Millennials Trading the City for the Suburbs to Buy Ground-Level Homes: Report
Whether it’s the record low-interest rates or the fact that they’ve been cooped up inside their downtown condos since the COVID-19 pandemic unfolded, many millennials are choosing to trade their high-rise views for the suburbs outside of the city.
At least, according to researchers from Ryerson University’s Centre for Urban Research (CUR), who say the trend will contribute to an already “lagging” real estate segment in denser urban areas in the city.
In a report titled Ground-related housing heats up while apartment market lags, CUR’s Diana Petramala and Victoria Colantonio wrote that sales activity in the Greater Toronto Area (GTA) reached record levels again in August as pent-up demand — accumulated from March through to May — continued to be unleashed.
They added that the resale market in the 905-region also broke sales records in August, with buyers showing “a higher preference for ground-related housing.”
While ground-related homes in the 416-area also saw an increase in activity in August, the overall market underperformed due to slower sales in the relatively large apartment market.
“The apartment market lagged all other housing types across the GTA,” the researchers wrote.
And while there are a lot of factors that could be influencing the ground-level housing boom in the suburbs — such as affordability, space, and low mortgage rates — the researchers say a major component is the rise of millennials being in demand of ground-related housing at the expense of the condo market.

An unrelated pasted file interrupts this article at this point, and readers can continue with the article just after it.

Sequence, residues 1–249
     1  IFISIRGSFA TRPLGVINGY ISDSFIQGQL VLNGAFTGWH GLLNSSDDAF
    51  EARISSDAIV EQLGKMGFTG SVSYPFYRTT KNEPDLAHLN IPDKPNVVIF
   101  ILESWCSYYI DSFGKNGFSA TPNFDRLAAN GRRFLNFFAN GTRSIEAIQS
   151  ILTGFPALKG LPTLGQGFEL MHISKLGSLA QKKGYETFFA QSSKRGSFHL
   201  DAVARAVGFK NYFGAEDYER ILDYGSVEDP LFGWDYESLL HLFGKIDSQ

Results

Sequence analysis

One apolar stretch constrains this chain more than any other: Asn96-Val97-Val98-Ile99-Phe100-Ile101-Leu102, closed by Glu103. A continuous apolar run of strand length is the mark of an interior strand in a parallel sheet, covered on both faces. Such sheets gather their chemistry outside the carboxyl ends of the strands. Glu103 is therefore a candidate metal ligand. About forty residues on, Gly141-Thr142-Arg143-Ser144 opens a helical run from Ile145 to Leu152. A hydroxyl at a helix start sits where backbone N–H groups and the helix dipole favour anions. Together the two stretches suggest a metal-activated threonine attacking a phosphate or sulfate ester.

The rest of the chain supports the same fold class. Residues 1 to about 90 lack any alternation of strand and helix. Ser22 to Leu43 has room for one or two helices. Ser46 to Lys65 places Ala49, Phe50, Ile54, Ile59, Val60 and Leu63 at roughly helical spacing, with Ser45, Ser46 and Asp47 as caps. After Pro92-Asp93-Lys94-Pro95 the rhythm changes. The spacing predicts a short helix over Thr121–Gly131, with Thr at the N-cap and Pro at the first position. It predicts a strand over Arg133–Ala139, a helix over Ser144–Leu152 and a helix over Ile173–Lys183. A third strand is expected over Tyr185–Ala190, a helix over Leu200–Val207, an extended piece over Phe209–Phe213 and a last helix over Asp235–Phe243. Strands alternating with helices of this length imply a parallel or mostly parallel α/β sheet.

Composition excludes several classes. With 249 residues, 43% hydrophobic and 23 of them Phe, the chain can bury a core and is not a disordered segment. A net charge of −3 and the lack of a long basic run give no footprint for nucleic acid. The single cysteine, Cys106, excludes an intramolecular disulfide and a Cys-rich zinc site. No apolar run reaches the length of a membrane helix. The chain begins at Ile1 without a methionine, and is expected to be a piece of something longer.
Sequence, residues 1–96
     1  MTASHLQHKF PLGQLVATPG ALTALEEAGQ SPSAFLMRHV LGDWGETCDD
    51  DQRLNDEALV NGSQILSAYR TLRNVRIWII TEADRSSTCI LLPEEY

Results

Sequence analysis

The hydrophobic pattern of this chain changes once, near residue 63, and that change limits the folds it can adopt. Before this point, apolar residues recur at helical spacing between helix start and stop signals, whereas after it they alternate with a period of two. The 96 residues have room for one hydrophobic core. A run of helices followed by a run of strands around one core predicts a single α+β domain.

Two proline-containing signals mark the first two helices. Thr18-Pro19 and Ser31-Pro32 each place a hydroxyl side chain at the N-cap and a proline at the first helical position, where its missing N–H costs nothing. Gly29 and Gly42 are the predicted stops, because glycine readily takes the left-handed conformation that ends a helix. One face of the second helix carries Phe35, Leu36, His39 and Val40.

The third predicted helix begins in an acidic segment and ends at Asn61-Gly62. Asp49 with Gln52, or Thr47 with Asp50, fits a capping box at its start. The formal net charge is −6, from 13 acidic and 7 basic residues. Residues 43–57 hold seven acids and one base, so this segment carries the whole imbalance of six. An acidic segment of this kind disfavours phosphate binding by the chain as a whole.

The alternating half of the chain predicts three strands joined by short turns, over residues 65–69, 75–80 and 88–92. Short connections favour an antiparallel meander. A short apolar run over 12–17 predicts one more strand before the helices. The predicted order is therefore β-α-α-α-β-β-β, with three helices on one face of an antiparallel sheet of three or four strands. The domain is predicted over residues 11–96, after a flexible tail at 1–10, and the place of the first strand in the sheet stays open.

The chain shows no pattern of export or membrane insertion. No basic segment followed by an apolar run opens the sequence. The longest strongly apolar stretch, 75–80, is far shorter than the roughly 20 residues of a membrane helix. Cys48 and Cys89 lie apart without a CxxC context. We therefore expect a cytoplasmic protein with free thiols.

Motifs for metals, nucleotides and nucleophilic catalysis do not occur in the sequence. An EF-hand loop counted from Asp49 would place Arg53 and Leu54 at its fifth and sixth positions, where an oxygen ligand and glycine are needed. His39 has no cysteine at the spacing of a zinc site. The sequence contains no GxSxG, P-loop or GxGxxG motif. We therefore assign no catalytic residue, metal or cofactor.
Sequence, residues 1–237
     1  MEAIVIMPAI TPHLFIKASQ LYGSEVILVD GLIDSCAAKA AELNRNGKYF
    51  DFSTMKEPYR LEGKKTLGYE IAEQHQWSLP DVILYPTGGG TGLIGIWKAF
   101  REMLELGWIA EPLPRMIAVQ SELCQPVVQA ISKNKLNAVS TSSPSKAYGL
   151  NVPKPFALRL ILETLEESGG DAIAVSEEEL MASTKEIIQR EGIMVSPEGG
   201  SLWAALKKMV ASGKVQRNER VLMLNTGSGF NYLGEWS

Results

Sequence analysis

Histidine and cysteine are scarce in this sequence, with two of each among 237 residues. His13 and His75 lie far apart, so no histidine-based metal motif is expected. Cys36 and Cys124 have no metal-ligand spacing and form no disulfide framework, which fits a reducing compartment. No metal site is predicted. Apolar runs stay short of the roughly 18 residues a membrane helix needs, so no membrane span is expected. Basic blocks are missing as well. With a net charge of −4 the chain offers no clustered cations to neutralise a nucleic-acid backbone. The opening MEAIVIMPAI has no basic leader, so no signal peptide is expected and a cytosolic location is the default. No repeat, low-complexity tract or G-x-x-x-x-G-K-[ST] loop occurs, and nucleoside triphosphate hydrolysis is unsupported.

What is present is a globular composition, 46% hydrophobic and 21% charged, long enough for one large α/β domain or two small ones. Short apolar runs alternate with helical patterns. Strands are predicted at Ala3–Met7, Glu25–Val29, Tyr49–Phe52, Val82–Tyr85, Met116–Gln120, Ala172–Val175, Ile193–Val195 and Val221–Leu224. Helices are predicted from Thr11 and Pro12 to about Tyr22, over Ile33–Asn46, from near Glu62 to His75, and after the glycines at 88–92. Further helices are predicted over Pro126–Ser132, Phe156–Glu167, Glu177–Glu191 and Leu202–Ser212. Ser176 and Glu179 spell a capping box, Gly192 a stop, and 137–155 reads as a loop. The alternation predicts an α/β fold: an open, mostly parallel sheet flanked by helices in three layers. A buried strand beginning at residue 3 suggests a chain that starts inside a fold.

“Never underestimate the power of millennials to continue driving upside surprises in resale market activity, especially as very low-interest rates have helped improve affordability,” wrote Petramala and Colantonio.
“As this generation moves out of apartments into ground-related housing, apartments are likely to remain a lagging segment of the real estate market,” they added.
The researchers noted that this shift in buying behaviour comes as there’s an estimated 8,000 to 10,000 Airbnb units that would not be compliant with the new City of Toronto short-term rental bylaws that came into effect last week, which prohibit homeowners from renting out their residences for more than 180 nights per year and limit rentals to owners’ principal residences.
“Some of these units may end up on the long-term rental market, while many might end up for sale,” wrote Petramala and Colantonio.